Children can learn improved hygiene habits. In schools where water is provided and where there is sufficient health education and mobilisation, children can learn to practice good facial cleanliness and help to monitor the facial cleanliness of other children. In addition, they can care for younger siblings and can be encouraged to clean their faces for them.

Improved sanitation. At school, children learn how to use latrines and how these latrines can prevent diseases like trachoma. Health clubs at some schools teach students about healthier hygiene habits and how to prevent trachoma. Health, trachoma, and environmental sanitation clubs help to organise environmental sanitation campaigns at school and in the community. We also met children who had convinced their families to construct latrines at home.

Healthy habits that children learn in school improve their health and the health of their families and future generations. Children in secondary schools are particularly effective at educating families and encouraging behavioural change in their families, such as keeping faces clean and using latrines. Older school children are the parents of the immediate future who will raise their families with healthier habits and they should receive targeted trachoma health education. For all children, school-based health education in addition to other forms of health education – such as radio messages, health extension workers, and social organisations – collectively work to demystify trachoma, reduce stigma and shame, and to prevent blindness.

Case Study: Iyasta Primary School

students-learn-outsideThe students and staff of Iyasta Primary School in Ankesha Woreda district played a unique role in promoting health education and the SAFE strategy in their community. In this district, people have resisted taking azithromycin during the twice-yearly MalTra Week campaign. This campaign distributes eye ointment containing azithromycin and tetracycline to half of the people in the Amhara National Regional State in Ethiopia in May, and to the rest in November. Primary school children, themselves initially reluctant to take the drug, were educated by the local health extension workers about the transmission, progression, and prevention of trachoma. The children then encouraged their parents to take the drug, resulting in a 60.4% increase in coverage compared with the previous year. People noticed that the signs and symptoms of trachoma and other diseases resolved after taking the drug and now request azithromycin.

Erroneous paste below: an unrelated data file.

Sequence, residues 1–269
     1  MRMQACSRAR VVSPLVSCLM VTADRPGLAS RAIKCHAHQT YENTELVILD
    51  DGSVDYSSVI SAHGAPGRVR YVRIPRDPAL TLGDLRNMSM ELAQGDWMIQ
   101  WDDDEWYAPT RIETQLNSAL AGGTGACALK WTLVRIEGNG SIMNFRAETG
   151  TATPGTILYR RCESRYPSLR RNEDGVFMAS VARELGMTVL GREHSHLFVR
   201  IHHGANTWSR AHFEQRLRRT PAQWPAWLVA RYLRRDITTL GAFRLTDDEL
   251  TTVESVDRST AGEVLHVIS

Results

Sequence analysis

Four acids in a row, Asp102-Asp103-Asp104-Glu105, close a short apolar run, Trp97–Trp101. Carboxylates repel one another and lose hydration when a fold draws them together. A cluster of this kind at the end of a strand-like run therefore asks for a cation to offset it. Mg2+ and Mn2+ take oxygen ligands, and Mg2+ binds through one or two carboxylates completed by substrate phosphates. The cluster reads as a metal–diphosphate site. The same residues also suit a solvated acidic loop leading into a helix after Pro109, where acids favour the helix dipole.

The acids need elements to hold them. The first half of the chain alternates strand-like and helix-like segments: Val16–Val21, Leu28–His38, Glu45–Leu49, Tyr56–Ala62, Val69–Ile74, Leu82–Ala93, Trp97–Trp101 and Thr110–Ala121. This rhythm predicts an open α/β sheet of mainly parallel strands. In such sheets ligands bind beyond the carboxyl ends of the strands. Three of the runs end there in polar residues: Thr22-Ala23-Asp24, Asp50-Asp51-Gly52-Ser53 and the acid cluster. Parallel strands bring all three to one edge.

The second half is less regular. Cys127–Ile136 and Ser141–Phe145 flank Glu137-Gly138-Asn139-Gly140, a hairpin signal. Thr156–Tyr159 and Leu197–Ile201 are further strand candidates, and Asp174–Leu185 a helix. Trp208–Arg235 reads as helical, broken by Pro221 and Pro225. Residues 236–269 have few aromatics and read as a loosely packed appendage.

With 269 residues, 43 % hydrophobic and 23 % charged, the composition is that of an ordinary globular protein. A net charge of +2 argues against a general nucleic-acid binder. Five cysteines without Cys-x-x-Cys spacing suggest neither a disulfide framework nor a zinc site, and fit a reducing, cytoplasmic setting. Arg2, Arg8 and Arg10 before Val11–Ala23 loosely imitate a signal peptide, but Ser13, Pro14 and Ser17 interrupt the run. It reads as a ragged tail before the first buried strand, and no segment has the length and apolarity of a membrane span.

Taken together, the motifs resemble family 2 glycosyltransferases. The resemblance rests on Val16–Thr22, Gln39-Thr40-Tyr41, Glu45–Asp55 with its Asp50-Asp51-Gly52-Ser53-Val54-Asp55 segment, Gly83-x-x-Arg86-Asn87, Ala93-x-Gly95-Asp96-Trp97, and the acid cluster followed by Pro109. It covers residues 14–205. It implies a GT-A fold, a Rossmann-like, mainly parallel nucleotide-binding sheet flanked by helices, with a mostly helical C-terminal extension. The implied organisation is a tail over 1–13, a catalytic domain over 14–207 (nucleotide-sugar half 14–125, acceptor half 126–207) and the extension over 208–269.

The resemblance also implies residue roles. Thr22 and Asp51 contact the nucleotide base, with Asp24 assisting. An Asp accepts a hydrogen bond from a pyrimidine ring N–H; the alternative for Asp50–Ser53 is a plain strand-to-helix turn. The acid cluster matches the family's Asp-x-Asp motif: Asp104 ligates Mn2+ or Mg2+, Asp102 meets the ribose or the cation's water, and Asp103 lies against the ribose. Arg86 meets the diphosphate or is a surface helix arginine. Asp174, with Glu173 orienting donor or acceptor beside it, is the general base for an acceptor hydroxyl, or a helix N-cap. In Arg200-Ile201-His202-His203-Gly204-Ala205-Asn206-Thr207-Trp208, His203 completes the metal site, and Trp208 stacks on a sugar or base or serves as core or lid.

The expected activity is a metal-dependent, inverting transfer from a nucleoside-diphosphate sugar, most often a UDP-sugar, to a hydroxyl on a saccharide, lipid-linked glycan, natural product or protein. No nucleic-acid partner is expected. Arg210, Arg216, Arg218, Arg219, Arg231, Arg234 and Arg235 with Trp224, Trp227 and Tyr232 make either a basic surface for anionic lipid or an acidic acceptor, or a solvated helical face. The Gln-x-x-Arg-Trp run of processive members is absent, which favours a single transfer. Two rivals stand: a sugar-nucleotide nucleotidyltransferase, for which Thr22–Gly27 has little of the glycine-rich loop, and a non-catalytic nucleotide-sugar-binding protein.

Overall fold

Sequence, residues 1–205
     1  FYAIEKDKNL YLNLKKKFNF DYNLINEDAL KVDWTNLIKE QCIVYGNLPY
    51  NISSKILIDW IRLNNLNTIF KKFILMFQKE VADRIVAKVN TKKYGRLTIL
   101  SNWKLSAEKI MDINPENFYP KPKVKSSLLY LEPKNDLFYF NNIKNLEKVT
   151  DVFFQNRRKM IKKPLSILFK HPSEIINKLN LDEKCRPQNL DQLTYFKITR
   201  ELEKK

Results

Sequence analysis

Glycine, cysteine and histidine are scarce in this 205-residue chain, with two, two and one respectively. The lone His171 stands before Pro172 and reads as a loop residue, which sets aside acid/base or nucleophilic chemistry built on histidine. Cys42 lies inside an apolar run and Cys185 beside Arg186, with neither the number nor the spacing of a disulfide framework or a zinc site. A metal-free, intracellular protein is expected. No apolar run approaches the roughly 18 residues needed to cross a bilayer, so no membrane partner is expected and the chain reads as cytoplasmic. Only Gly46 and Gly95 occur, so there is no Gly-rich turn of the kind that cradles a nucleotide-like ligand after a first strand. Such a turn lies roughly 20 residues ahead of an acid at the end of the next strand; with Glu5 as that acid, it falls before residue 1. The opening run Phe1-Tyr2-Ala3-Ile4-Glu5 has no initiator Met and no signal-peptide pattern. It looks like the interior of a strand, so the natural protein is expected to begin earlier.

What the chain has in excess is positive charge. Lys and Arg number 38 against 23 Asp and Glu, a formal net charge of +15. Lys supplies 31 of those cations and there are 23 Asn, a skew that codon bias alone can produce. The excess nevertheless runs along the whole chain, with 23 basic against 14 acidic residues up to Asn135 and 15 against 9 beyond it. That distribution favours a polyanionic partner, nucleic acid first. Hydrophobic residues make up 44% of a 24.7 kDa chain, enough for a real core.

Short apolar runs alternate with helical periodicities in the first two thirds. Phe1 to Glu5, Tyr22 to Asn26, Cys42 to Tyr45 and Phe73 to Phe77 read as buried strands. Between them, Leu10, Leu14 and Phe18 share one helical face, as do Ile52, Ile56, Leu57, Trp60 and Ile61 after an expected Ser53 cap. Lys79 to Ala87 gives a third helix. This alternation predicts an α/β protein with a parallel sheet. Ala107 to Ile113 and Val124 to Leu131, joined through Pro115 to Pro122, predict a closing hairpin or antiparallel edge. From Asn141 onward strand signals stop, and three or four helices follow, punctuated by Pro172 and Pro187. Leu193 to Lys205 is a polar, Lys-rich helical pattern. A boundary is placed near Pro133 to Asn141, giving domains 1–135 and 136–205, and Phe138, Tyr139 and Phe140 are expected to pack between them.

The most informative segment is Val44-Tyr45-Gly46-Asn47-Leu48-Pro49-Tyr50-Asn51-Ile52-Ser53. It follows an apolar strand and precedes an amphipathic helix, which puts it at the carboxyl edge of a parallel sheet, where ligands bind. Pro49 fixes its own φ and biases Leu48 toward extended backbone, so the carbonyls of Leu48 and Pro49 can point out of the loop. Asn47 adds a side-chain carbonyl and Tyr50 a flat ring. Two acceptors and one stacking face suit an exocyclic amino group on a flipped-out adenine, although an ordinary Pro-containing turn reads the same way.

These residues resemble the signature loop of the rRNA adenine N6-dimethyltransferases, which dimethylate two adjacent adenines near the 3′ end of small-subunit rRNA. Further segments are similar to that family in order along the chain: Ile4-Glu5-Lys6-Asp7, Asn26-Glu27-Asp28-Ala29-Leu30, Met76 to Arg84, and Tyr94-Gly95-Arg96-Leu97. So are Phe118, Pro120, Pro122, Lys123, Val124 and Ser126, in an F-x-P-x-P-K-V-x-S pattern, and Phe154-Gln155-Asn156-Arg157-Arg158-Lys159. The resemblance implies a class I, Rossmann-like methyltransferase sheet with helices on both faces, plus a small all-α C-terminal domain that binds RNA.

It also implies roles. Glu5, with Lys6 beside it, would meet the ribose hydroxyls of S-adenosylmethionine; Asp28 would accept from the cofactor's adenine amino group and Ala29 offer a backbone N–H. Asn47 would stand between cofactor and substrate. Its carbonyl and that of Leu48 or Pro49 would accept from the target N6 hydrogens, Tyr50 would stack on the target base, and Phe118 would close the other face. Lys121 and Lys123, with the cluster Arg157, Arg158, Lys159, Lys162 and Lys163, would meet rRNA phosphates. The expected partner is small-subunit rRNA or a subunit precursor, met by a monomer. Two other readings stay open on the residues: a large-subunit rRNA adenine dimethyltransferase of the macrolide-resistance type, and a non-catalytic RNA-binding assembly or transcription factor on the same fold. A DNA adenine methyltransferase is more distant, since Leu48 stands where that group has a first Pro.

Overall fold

The following conditions supported the success of mobilising students to assist with the MalTra campaign.

Routine supervision and a post-MalTra Week review meeting identified that the area had low coverage in time to intervene before the next campaign.

The health workers in the area already had a relationship with the school and were motivated to go and speak with the school staff.

School staff were willing to assist, and allowed class time for health extension workers to speak with the children.

The health education delivered by the health extension workers was effective enough to convince children to take the drug and speak to their families.